In fact, experimentation has indicated that the basic principle of the invention results in more than a mere improvement in the correspondence between the listening experience using earphones and that had when listening to loudspeakers; the resemblance between the two listening experiences has been made so extreme as to be astounding. In addition, the inventive expedient has proved realizable without any great increase in the usual costs of production.

According to the invention, it has been found advantageous to establish a close correspondence between the Fourier transform of the signals impinging upon the eardrums when the sound source is an earphone set and the Fourier transform of the signals impinging upon the eardrums when the sound source is a loudspeaker arrangement. The Fourier transforms are advantageously made to correspond both with respect to magnitude and phase, and the result is a distortionless time shift of the sound signals. However, a distortionless time shift,

i.e., a shift relative to the longer sound travel time when' using loudspeakers, of the sound signals is of no consequence to the listener, provided that there is a sufficiently close correspondence between the Fourier transforms of the signals with respect to magnitude and phase. In other words, the distance between the sound source and listener when a loudspeaker arrangement is employed can be ignored when attempting to duplicate that listening experience using only an earphone set.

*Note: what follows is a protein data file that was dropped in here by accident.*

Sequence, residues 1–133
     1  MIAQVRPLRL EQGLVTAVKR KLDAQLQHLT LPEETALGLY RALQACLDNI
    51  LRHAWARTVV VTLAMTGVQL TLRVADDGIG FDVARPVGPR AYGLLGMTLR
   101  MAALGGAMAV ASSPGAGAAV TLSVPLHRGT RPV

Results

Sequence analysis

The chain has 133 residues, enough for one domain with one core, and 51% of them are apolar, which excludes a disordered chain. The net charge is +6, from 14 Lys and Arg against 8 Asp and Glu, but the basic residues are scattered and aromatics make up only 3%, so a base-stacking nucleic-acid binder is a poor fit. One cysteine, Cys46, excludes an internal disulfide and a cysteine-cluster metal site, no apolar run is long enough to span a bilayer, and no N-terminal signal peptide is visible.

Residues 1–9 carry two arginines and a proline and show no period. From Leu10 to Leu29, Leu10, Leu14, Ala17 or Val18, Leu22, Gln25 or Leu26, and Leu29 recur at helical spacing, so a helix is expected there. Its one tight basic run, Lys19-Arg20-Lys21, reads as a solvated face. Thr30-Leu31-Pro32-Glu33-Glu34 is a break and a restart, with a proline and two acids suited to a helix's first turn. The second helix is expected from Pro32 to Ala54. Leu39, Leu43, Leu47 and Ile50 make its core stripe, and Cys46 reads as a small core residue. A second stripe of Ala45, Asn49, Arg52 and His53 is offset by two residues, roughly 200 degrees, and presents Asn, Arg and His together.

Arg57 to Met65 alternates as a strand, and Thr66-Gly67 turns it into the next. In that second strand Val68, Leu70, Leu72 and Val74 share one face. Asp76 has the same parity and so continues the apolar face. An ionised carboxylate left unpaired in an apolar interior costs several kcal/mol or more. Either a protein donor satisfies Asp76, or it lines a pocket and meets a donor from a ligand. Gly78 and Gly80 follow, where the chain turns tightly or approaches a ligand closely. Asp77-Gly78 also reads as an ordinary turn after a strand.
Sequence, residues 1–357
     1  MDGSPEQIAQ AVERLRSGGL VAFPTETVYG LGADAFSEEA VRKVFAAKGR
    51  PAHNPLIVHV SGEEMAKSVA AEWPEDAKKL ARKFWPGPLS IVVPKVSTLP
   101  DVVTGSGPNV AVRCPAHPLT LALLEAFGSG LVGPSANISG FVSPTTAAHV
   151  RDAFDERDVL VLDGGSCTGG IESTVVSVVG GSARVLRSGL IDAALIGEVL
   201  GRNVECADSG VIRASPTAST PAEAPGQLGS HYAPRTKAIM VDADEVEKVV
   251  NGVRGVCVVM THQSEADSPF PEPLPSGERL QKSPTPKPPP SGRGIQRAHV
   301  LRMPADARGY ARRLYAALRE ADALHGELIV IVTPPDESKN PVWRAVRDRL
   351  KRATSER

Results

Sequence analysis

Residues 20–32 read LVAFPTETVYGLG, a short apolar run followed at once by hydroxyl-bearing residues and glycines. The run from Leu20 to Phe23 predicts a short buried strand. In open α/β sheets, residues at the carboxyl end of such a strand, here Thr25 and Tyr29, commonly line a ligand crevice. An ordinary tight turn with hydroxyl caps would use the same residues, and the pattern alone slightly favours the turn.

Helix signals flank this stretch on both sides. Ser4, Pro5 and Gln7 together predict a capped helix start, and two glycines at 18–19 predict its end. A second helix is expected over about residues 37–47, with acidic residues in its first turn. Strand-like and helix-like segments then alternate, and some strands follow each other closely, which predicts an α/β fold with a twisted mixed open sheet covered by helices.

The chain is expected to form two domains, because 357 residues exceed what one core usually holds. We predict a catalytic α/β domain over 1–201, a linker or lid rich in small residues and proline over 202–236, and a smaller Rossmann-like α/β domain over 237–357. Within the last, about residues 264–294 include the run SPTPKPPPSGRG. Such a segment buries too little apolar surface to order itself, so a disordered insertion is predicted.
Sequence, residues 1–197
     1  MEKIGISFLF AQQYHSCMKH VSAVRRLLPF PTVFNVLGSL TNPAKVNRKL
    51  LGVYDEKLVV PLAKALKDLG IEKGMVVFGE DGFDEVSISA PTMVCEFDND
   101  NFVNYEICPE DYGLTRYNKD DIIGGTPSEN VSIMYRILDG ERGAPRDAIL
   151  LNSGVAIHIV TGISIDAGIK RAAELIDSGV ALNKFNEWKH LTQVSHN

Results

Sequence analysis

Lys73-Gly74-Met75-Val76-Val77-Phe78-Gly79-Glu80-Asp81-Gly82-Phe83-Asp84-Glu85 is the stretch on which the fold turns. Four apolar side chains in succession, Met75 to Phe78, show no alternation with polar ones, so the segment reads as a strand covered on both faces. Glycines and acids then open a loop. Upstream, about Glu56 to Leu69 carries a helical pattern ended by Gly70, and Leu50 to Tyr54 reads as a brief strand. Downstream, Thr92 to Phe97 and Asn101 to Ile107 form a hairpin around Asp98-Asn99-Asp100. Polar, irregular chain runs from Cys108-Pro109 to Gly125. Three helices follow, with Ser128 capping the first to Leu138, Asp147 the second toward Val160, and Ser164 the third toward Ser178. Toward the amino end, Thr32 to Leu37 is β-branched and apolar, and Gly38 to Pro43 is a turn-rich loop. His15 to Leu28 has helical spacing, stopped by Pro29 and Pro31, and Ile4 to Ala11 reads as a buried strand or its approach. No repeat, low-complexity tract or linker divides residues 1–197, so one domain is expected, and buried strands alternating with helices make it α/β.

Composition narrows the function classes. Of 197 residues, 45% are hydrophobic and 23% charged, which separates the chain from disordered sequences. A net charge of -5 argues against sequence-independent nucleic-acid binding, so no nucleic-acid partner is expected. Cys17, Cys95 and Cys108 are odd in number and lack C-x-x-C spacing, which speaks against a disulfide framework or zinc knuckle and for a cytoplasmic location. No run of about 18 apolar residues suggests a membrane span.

The drawing depicts several embodiments of the method and arrangement of the invention. These exemplary embodiments deal with the problem of imparting to earphones the sound-reproducing characteristics of symmetrical arrangements of one, two or four loudspeakers, in an environment substantially free of rever-' beration. v

FIG. 1 depicts in a very simplified and highly schematic manner the difference between an objective acoustical event and a subjective acoustical perception;